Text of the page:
In Hold Me Tight, Vicky Krieps (Phantom Thread, Bergman Island) gives another riveting performance as Clarisse, a woman on the run from her family for reasons that aren’t immediately clear. Mathieu Amalric’s sixth feature as director is a virtuosic, daringly fluid portrait of a woman in crisis that alternates between Clarisse’s adventures on the road and scenes of her abandoned husband Marc (Arieh Worthalter) as he struggles to take care of their children at home. Amalric’s film keeps viewers uncertain as to the reality of what they’re seeing until the final moments of this moving, unpredictable, and richly rewarding family drama.
Location: Rod 301 (ScholarSpace) and online (via Zoom)
Celebrating over 20 years of music making, the twice Grammy nominated Imani Winds has led both a revolution and the evolution of the wind quintet through their dynamic playing, adventurous programming, imaginative collaborations and outreach endeavors that have inspired audiences of all ages and backgrounds.
The ensemble’s playlist embraces traditional chamber music repertoire, and as a 21st century group, Imani Winds is devoutly committed to expanding the wind quintet repertoire by commissioning music from new voices that reflect historical events and the times in which we currently live.
Present and future season performances include a Jessie Montgomery composition inspired by her great-grandfather’s migration from the American south to the north; and, socially conscious music by Any Akiho designed to be performed both on the concert stage and in front of immigrant detention centers throughout the country.
Imani Winds regularly performs in prominent international concert venues, including Carnegie Hall, Lincoln Center, The Kennedy Center, Walt Disney Hall and the Kimmel Center. Their touring schedule has taken them throughout the Asian continent, Brazil, Australia, England, New Zealand and across Europe.
Their national and international presence includes performances at chamber music series in Boston, New York, Washington D.C., San Francisco, Philadelphia and Houston. Festival performances include Chamber Music Northwest, Santa Fe Chamber Music Festival, Ravinia Festival, Chautauqua, Banff Centre and Music from Angel Fire.
Imani Winds’ travels through the jazz world are highlighted by their association with saxophonist and composer Wayne Shorter, woodwind artist and composer Paquito D’Rivera and pianist and composer Jason Moran. Their ambitious project, “Josephine Baker: A Life of Le Jazz Hot!” featured chanteuse René Marie in a performance that brought the house down in New York, Pittsburgh, San Francisco, Los Angeles and St. Louis.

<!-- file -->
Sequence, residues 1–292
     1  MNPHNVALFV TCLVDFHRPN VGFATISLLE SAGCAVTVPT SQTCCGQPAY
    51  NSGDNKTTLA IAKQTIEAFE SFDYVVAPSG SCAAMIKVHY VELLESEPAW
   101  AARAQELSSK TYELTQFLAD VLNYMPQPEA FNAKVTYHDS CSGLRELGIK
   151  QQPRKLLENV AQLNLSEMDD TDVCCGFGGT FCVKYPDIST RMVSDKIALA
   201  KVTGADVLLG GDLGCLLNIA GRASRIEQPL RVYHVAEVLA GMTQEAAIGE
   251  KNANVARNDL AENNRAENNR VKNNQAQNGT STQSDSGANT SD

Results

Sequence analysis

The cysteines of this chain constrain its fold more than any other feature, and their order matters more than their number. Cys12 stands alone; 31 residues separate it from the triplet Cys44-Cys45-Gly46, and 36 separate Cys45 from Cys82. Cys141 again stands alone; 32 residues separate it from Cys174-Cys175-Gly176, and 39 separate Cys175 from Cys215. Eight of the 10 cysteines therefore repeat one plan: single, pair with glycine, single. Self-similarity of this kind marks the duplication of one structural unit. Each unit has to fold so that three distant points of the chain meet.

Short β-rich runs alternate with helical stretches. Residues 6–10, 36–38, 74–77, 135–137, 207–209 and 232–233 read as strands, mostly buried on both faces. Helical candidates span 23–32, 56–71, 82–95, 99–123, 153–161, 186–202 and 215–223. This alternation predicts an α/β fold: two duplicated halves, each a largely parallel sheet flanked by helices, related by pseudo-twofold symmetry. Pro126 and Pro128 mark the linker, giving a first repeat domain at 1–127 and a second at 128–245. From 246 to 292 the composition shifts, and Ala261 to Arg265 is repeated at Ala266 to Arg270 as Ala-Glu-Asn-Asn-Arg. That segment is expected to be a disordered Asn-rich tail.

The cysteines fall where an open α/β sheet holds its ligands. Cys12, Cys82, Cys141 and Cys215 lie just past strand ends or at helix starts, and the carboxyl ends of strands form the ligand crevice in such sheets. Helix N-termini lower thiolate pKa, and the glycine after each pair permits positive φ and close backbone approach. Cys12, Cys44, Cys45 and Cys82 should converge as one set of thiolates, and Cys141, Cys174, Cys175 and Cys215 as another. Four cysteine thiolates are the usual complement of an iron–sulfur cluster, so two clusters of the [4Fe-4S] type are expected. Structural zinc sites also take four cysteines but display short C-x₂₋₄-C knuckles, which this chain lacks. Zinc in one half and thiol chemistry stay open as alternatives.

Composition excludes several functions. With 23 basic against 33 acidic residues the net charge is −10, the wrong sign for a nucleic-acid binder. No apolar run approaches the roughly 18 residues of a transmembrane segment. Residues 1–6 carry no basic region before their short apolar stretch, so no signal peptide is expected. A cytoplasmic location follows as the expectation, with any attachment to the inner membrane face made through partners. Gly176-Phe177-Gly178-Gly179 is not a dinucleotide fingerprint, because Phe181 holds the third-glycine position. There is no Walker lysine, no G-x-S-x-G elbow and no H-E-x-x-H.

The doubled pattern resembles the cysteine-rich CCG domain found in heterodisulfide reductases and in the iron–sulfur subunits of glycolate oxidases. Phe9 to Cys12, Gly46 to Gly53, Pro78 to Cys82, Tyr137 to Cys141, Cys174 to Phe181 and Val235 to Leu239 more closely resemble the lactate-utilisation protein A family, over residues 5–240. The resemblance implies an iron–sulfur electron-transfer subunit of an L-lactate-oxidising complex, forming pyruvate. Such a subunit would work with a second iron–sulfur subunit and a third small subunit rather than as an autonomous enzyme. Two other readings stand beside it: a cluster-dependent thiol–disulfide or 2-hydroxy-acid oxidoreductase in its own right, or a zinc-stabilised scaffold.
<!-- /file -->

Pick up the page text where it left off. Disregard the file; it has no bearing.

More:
Imani Winds’ commitment to education runs deep. The group participates in residencies throughout the U.S., giving performances and master classes to thousands of students each year. Academic and institutional residencies include the Chamber Music Society of Lincoln Center, Duke University, University of Chicago, Curtis Institute of Music, University of Michigan, Da Camera of Houston and numerous others across the country.
The ensemble launched its annual Imani Winds Chamber Music Festival in 2010, bringing together young instrumentalists and composers from across North America and abroad for expiration and performance of the standard repertoire and newly composed chamber music. Festival participants also take part in workshops devoted to entrepreneurial and outreach opportunities, with the goal of creating the complete musician and global citizen.
Location: Gallagher Bluedorn Performing Arts Center
Welcome to Westerburg High, where Veronica Sawyer is just another nobody dreaming of a better day. But when she joins the beautiful and impossibly cruel Heathers and her dreams of popularity may finally come true, mysterious teen rebel JD teaches her that it might kill to be a nobody but it is murder being a somebody... Based on the 1998 cult hit that starred Winona Ryder and Christian Slater.
Content Warning: This production deals frankly with issues including self-harm, suicide, bullying and mental health. It may not be suitable for younger audiences.